“The setting and reporting of targets and progress, such as pay gap reporting, has also become more established. This creates scrutiny around talent management pipelines and more robust measurement of progress.Tracking, benchmarking, and rewarding progress are vital ways to ensure cultural change and challenge established gender norms.
“In the UK firm we use data to inform targeted action and have made significant efforts to improve our representation of women at a senior level. During 2021 we saw evidence of progress with an increased proportion of women being promoted to partner and joining as external hires. This contributed to a more balanced representation of women at partner level (from 19% in 2020 to 22% in 2021).”
Businesses take action to create more inclusive cultures
With nearly two thirds (57%) of global mid-market leaders expecting a skills shortage to be a major constraint to their businesses in the year ahead, Grant Thornton’s research shows that in response, 95% of global mid-market business leaders are now taking action to foster employee engagement and create an inclusive culture.
The research showed that the top three actions global business respondents are taking to achieve this are:
- Promoting work life balance and flexibility for employees
- Instilling new working practices to better engage all employees including long-term virtual and flexible working
- Creating an environment where we
- re everyone can ‘speak up’ with ideas, issues, and question
As these new ways of working become the norm for many organisations, 73% of respondents globally expect that new working practices accelerated by the pandemic will continue to benefit women’s career trajectories long-term – an increase of four percentage points compared with 2021.
This could be an indication that a step change is on the horizon but in the meantime, the number of women in senior management positions globally continues its glacial progress, advancing just a single percentage point to 32% in 2022.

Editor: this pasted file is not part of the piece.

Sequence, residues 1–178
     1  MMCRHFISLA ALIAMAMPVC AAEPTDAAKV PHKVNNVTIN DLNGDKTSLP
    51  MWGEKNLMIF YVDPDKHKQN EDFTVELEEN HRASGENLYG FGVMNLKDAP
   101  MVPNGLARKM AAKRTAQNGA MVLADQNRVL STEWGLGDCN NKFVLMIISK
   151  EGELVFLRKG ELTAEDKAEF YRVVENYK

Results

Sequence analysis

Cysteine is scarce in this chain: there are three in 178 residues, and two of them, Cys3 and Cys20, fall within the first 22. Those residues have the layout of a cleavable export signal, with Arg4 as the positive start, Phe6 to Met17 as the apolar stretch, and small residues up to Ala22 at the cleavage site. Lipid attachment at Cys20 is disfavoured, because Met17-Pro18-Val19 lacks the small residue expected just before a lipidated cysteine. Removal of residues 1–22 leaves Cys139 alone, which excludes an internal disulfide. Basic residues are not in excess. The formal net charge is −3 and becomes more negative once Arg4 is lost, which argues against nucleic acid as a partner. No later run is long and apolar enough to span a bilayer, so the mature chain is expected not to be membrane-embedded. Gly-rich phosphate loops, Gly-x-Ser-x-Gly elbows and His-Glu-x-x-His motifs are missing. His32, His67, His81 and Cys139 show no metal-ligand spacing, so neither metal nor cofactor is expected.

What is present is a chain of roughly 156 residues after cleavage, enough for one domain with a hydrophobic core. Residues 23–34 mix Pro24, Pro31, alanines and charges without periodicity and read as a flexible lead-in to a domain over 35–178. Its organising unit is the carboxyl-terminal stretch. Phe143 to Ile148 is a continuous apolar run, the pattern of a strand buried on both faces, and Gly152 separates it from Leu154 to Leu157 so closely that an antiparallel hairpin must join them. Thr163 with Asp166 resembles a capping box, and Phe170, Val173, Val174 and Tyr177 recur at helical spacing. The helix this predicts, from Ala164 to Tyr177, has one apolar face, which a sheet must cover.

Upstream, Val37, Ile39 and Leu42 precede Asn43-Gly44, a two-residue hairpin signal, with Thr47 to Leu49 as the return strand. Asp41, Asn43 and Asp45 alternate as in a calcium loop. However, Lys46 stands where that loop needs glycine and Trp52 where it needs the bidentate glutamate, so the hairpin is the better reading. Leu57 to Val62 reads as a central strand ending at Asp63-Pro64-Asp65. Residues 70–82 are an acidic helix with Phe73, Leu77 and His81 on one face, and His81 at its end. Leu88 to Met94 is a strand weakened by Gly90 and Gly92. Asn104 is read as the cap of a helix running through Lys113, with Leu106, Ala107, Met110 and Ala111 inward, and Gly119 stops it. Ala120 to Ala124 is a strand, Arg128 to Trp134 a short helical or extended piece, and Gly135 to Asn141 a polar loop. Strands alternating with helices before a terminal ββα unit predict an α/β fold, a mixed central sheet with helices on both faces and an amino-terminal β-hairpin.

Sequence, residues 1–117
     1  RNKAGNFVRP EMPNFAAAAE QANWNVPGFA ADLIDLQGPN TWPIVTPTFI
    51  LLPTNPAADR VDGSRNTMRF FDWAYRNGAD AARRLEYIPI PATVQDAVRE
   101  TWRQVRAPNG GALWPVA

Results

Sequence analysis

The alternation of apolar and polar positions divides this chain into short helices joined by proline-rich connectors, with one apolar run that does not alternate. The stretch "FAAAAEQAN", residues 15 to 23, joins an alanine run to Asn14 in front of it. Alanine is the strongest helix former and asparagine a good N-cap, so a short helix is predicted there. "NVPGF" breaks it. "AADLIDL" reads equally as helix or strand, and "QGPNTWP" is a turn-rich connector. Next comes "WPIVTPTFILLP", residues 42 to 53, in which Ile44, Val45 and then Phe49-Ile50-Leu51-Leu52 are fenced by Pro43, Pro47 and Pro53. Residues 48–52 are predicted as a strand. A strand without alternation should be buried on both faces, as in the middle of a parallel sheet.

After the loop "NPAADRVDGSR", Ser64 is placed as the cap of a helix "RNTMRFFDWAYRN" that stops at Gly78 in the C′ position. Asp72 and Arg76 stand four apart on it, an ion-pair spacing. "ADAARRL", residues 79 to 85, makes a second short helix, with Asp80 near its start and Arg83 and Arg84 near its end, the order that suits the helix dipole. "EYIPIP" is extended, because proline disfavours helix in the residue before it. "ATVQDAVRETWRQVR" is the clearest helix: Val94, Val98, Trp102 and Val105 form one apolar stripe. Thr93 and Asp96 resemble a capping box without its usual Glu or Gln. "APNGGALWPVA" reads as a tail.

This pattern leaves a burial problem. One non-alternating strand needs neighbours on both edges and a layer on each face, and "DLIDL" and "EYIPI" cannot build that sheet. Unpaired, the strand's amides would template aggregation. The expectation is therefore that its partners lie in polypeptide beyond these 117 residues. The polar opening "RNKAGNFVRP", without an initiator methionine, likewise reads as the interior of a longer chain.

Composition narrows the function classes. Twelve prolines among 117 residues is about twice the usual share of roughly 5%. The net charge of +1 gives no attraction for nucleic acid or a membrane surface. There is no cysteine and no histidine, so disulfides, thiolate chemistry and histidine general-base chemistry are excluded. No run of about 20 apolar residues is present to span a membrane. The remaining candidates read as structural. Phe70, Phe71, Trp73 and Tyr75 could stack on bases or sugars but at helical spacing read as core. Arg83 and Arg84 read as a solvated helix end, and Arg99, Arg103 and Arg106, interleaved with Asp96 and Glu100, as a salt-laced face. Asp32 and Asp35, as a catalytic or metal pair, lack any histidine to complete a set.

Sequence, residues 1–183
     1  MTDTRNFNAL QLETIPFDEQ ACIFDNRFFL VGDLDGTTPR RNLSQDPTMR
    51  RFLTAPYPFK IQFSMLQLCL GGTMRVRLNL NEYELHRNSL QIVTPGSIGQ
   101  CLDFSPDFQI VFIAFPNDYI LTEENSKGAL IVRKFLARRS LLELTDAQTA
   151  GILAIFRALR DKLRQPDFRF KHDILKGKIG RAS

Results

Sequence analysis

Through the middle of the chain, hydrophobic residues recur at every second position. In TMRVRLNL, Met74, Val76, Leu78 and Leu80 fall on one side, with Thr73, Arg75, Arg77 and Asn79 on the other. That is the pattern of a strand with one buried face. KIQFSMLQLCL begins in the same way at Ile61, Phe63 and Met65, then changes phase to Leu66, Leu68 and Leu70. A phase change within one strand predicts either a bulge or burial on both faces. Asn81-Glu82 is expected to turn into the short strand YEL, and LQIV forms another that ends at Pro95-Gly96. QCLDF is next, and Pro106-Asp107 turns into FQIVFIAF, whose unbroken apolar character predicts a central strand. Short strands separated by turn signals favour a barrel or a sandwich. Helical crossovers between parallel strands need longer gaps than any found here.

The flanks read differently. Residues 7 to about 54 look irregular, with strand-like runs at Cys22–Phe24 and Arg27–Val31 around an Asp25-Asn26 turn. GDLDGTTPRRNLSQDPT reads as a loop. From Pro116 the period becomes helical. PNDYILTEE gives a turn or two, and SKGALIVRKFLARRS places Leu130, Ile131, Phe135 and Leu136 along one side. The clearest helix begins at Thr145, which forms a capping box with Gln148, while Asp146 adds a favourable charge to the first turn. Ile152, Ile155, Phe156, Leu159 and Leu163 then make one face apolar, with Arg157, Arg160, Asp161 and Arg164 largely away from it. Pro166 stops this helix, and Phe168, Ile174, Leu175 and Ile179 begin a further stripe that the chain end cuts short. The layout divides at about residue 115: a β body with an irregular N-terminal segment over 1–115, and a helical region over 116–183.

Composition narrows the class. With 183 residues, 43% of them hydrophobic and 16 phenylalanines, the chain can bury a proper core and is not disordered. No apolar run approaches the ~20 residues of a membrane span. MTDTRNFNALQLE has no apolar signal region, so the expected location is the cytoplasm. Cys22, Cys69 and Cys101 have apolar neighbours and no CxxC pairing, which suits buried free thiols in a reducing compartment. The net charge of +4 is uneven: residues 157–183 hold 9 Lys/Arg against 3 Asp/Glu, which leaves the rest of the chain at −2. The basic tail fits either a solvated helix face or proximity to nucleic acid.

This figure, that has grown by only eight percentage points over the past ten years, shows that whilst progress is being made, it is at a sluggish rate.
“Everything gained can be easily lost when we’re talking about progress that is this gradual. There is still much more that businesses could be doing to ensure that we not only maintain this growth but accelerate it. Without a consistent and structured approach to gender balance and diversity overall, we could see progress halted or even reversed. Now is not the time for complacency.
“There needs to be continued focus on enabling cultural and societal change around flexible working for all genders, not just in the workplace but at home. Further research is required to investigate and address the long-term effects of the pandemic on women’s careers. And whilst progress on this front is clearly underway, there still needs to be greater accountability at board level for lasting, sustainable change.”
In 2021, the research revealed that the proportion of women in senior management roles had passed the important 30% tipping threshold for the first time.
All global regions have now passed the crucial 30% milestone, including APAC, which was the only region not to hit this figure in 2021. The proportion of businesses with at least one woman in senior management remains static at 90%.